A few days ago, the iPad version of the excellent VLC music player was released into Apple's App Store, expanding the rather bleak set of codecs supported by the iOS to something quite substantial. This isn't really an iOS-only issue, though - many operating systems (mobile or desktop) support only slightly more codecs out of the box than an Etch A Sketch.
So, Paul Kafasis, CEO of Rogue Amoeba Software, tried it out, and discovered an issue with the text displayed when you first launch the VLC application on your iPad. As you can see in the screenshot, part of the text is missing in portrait mode (it does show up properly in landscape mode). A kind of annoying oversight, but nothing to get your knickers in a twist over.
"Of course, one might expect this sort of thing from an app whose desktop version has a toggle between 'Basic' and 'All' in its Preferences," he adds. He has a point - VLC isn't always as welcoming as it could be to some types of computer users. Then again, you're better off just apt-getting the codecs (Linux) or installing K-Lite (Windows) for those types of users anyway, but alas.
That was that, you might think - but it really isn't. Instead of getting up in arms over the botched text rendering, I actually read what it says, and after a few seconds of disbelief, it hit me. Forget the botched text - look at what it actually says.
- Connect your iPad to your computer.
- In iTunes, select your iPad, and then click the Apps tab.
- Below File Sharing, select "VLC" from the list, and then click Add.
- In the window that appears, select a file to transer, and then click choose.
You're reading that right. This is the incredibly complicated set of steps you need to perform in order to get a video from your computer onto your iPad. What is this, 1998? Are we back to cradles? Proprietary cables? Sync buttons? Buggy software that crashes mid-sync so you have to start all over again?
Contrary to popular belief around here, I actually really like Apple's products (read any review I've written and you'll see), and I tend to think that Apple has a slightly better grasp on how to make mundane tasks in computing easier to accomplish than most other software licensors. As an iPhone owner, I obviously know how much of a pain it is to get content on your iPhone, but with it being a phone, it never really bothered me all that much.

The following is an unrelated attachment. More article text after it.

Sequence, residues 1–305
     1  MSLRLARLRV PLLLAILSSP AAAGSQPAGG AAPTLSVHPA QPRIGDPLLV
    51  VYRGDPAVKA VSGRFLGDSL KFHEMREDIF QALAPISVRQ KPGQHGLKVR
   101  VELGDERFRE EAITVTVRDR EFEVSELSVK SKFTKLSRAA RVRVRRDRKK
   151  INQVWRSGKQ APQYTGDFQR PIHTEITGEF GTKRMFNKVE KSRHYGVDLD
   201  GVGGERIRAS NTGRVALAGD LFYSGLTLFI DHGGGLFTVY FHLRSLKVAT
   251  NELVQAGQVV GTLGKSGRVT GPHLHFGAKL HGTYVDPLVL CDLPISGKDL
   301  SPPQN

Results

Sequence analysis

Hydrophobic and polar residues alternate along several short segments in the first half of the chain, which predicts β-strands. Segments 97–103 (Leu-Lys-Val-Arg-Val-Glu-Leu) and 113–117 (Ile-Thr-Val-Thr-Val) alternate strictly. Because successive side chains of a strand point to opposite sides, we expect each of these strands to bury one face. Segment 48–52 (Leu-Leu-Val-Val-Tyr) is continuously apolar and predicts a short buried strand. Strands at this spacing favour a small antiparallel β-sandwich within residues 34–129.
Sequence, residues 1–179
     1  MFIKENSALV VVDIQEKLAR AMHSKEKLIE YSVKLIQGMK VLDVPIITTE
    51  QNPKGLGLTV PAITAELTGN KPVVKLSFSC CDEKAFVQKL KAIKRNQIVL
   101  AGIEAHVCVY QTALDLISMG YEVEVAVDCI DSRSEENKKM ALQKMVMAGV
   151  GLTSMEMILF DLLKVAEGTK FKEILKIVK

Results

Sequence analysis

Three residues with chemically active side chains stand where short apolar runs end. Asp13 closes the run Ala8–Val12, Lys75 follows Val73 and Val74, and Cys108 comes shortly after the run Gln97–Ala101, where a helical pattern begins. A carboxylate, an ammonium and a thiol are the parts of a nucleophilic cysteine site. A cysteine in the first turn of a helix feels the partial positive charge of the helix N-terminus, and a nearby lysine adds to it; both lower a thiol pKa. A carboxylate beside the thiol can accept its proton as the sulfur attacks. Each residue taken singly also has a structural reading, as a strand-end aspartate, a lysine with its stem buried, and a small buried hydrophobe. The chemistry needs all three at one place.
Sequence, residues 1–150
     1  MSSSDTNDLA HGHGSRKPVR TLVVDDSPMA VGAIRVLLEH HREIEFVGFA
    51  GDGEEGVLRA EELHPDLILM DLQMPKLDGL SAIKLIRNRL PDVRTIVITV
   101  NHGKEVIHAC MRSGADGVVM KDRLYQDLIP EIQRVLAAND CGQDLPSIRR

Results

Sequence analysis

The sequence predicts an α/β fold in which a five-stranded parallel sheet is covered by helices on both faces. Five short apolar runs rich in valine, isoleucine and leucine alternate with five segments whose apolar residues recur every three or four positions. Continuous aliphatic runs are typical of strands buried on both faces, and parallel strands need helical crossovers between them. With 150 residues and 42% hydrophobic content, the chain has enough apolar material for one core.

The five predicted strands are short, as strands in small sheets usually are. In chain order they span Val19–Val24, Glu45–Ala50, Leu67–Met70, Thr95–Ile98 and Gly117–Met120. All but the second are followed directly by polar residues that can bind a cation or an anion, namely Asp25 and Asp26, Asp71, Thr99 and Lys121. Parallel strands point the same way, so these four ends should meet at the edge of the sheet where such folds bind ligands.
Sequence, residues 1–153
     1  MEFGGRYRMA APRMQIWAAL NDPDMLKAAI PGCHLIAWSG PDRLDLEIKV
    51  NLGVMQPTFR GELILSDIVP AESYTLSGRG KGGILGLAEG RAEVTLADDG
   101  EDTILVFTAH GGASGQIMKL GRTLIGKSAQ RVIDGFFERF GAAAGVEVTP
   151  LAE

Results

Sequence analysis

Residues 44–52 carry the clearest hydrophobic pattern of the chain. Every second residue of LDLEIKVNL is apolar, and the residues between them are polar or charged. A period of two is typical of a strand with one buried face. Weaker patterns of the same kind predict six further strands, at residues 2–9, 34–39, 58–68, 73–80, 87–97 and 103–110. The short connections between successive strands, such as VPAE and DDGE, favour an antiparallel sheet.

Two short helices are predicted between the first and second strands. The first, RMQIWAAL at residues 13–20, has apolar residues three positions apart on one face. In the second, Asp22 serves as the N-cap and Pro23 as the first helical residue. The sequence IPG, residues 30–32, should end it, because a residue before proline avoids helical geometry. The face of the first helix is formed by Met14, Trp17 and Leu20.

However, the iPad is not a phone. They keep telling us it's "the best way to experience the web, email, photos, and video. Hands down.", but with such a complicated set of steps to actually get to your photos and videos, is that really the case? It's clear Apple wants you to buy stuff through iTunes, but even then you need to sync up using an old-world cable.
You may think - this is just the iOS, there are other mobile operating systems out there. Sure, Android works like a mobile device should - it's recognised as a bog-standard USB storage device. But, with Google working on a music service, and carriers trying to lock down devices, how long is this freedom going to last? Will they start making it harder for you to get your own content on your devices the moment they start selling you the same content through their own services?
So, sure, you can look at the VLC iPad application and complain about how part of the text is missing. Maybe, however, you need to look to Cupertino and wonder why in god's name does VLC need that much text to explain something in the first place. Keep complaining about that mouse in your yard while that herd of buffaloes is stampeding through your living room.